Pitino: "We have quality, not necessarily quantity. UConn will have quantity. They'll bring three times more people than us just because it's a larger fan base. But we have quality. Our fans show up, they support us. It'll be a little bit like a road game for us, but we'll be up for it. We went to New Mexico and played in front of 15,000 people."

Williams: You said that some of your players were telling you they weren't sure what to do during the announcement. Again, what makes coaching a small program so unique and special?

Pitino: "Well, you watch them grow and Iona has had great success getting to the tournament. It hasn't had great success advancing and certainly, that's something that we look forward to taking on that challenge because we have such a good back court so anything is possible."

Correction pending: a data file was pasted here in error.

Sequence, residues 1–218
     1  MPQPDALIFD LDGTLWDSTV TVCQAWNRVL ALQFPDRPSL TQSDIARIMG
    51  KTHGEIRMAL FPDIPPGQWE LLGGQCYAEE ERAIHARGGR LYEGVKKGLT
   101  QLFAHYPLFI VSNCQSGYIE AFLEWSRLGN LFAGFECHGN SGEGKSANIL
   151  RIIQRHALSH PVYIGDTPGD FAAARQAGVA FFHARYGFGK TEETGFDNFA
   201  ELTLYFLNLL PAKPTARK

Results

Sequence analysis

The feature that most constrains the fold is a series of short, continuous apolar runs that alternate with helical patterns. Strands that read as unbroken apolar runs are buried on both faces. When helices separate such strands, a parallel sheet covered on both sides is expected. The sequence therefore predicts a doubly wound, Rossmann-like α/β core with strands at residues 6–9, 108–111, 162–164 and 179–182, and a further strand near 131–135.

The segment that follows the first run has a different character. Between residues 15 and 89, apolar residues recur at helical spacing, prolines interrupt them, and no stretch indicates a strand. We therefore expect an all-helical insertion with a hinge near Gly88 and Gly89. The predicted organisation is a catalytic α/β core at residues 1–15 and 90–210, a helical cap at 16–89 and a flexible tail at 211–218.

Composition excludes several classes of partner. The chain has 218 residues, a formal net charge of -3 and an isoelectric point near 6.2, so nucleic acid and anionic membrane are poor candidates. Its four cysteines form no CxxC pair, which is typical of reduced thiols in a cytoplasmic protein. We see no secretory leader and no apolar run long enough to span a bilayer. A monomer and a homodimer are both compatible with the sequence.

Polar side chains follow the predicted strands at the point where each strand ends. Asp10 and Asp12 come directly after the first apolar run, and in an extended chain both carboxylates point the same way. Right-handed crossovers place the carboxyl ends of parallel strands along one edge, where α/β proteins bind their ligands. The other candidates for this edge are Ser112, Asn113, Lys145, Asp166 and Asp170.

File: Head coach Rick Pitino of the Iona Gaels talks to his team before their game against the New Mexico Lobos at The Pit on December 18, 2022 in Albuquerque, New Mexico. (Photo by Sam Wasson/Getty Images)

Williams: That's why we love March Madness. You coached at big programs and now right here at Iona. What makes some of these smaller programs so dangerous come tournament time?